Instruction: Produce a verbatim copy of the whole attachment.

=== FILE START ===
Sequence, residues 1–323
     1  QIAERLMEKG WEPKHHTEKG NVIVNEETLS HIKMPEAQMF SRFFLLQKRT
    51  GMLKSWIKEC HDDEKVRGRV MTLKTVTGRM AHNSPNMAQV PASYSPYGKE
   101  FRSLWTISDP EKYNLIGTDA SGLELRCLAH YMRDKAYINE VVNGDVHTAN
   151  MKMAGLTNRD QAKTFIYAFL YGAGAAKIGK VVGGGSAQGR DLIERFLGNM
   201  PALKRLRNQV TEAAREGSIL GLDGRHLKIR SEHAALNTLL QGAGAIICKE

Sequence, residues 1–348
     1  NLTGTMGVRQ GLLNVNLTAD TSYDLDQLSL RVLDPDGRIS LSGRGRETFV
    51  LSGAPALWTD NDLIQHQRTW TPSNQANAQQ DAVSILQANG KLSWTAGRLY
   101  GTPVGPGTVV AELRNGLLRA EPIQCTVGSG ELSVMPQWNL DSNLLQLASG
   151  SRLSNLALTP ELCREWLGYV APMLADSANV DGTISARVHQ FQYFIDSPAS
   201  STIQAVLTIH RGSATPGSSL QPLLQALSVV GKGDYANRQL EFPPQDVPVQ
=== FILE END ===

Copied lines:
Sequence, residues 1–323
     1  QIAERLMEKG WEPKHHTEKG NVIVNEETLS HIKMPEAQMF SRFFLLQKRT
    51  GMLKSWIKEC HDDEKVRGRV MTLKTVTGRM AHNSPNMAQV PASYSPYGKE
   101  FRSLWTISDP EKYNLIGTDA SGLELRCLAH YMRDKAYINE VVNGDVHTAN
   151  MKMAGLTNRD QAKTFIYAFL YGAGAAKIGK VVGGGSAQGR DLIERFLGNM
   201  PALKRLRNQV TEAAREGSIL GLDGRHLKIR SEHAALNTLL QGAGAIICKE

Sequence, residues 1–348
     1  NLTGTMGVRQ GLLNVNLTAD TSYDLDQLSL RVLDPDGRIS LSGRGRETFV
    51  LSGAPALWTD NDLIQHQRTW TPSNQANAQQ DAVSILQANG KLSWTAGRLY
   101  GTPVGPGTVV AELRNGLLRA EPIQCTVGSG ELSVMPQWNL DSNLLQLASG
   151  SRLSNLALTP ELCREWLGYV APMLADSANV DGTISARVHQ FQYFIDSPAS
   201  STIQAVLTIH RGSATPGSSL QPLLQALSVV GKGDYANRQL EFPPQDVPVQ